In the fourth episode of our podcast series, we look at the practical, legal and ethical questions about going to set up base on the moon – and mining its resources.
Yes, the Sun absolutely spins. In fact, everything in the universe spins. Some things spin faster than the Sun, some are slower and some things spin 'backwards'.
Australia played a vital role in beaming the Apollo 11 Moon landing to the world. But since then we've passed up the opportunity to cement our place in exploring outer space.
The future of lunar exploration and space travel will be possible only through advances in robotic design and implementation.
The new era of space exploration is characterized by an emphasis on diversity and international cooperation. But there's a lot of work to do before there's gender equality in STEM fields and at NASA.
Luxembourg is creating a business environment to service the growing number of space start-ups.
Americans need a new multi-decade Moonshot that will inspire several generations to shoot for the stars and pursue careers in space engineering and exploration.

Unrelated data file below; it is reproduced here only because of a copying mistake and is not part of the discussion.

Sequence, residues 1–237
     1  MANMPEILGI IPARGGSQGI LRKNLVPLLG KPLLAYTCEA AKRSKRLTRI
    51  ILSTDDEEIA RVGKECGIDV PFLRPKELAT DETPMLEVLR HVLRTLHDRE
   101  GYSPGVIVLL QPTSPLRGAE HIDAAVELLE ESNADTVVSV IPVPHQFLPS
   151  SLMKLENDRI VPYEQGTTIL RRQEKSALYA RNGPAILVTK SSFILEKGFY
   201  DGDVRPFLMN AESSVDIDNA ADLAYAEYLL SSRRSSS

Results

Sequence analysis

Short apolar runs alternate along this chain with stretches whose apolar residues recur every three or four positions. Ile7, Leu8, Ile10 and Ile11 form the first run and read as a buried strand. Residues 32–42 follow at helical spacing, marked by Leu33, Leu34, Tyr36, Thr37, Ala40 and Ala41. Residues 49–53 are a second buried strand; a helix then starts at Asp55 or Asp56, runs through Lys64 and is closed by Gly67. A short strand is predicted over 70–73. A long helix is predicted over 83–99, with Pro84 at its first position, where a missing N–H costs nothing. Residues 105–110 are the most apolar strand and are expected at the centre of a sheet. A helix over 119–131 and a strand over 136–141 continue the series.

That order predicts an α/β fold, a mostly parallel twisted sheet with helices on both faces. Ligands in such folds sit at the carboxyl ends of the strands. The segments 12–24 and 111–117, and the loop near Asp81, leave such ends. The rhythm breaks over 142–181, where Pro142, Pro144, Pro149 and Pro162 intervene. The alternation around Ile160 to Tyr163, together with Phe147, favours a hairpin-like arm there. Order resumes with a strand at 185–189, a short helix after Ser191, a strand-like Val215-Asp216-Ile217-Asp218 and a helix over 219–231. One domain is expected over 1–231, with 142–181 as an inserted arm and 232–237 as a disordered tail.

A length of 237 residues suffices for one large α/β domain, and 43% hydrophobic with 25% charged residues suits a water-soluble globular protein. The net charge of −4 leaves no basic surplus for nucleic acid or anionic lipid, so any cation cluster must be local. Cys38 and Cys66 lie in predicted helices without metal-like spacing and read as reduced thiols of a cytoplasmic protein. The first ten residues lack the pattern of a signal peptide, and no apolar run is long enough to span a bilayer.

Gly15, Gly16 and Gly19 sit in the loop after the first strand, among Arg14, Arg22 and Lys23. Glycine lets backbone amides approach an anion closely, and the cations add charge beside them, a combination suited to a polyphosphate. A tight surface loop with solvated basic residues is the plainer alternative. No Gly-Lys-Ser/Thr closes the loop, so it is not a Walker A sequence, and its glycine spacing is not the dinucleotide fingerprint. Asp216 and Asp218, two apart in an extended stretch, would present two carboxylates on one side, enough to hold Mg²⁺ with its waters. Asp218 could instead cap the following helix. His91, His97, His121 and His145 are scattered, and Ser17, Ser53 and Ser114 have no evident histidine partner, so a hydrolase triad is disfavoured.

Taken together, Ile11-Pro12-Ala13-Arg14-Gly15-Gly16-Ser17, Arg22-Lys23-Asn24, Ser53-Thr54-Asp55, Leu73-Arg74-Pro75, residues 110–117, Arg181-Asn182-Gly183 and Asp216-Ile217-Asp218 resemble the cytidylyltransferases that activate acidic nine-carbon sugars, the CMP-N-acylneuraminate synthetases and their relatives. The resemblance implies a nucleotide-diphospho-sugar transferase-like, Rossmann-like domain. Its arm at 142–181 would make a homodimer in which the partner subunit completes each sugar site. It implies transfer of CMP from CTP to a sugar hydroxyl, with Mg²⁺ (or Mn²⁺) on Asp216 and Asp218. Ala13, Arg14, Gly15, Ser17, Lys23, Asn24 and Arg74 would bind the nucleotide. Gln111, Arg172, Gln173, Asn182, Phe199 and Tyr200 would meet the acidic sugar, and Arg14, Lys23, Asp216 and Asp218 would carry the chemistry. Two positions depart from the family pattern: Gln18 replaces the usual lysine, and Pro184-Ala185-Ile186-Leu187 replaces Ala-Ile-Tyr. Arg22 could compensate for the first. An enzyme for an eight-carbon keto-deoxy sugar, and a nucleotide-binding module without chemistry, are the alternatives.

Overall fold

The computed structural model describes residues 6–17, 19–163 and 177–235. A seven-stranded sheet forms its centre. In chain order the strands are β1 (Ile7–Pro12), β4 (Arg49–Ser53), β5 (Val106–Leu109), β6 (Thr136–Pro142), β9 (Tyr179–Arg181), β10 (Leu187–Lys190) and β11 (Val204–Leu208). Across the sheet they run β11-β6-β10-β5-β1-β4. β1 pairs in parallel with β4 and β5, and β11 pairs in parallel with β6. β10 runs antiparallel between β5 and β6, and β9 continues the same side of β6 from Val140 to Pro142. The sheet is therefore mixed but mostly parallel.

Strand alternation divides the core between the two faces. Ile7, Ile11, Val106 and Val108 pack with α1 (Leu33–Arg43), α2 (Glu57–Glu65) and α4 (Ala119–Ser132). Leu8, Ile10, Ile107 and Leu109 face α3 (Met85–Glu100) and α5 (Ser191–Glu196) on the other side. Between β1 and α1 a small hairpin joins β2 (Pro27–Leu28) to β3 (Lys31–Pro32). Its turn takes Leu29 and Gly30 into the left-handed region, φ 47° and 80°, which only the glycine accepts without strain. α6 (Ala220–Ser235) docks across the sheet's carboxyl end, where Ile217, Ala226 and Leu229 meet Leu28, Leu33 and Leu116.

The first humans to land on the Moon, and the team that got them there, get all the glory. But what about the people who laid the foundation for this effort by mapping the Moon? Who were they?
When you look at the squiggly lines on Joy Division's famous album cover, you're seeing a record of lightning in outer space.
The very hottest stars actually glow blue.
NASA has made significant steps in making explicit appeals to women to support space exploration, but it might not be doing enough to gather needed political support.
The technologies behind weather forecasting, GPS and even smartphones can trace their origins to the race to the Moon.
Asteroids have played a key role in our history and will continue to do so in the future.
A new podcast series from The Conversation exploring the last 50 years of space exploration and the 50 years to come.
It is always exciting to discover new planets beyond our Solar System. Now a planetary astrophysicist is using a star's chemistry to predict which ones are likely to host giant planets.
This are looking up when it comes to launching things into space from Australia. The rules on what can be launched are currently under review and open for comment.
Every day about 50 tons of rocks from space fall on Earth. An examination of these meteorites has inspired a new theory about how exactly these rocks formed.
Layers of rock provide a historical record of variations in the Earth's orbit, revealing information about the planet's climate billions of years ago.
All the buildings and the cars and the restaurants, and the phones and even everything that's inside of you... it all started with an exploding star, billions of years ago.
How do you train space engineers? You enable college students to build mini satellites, called CubeSats, launch them into space and help them collect the data.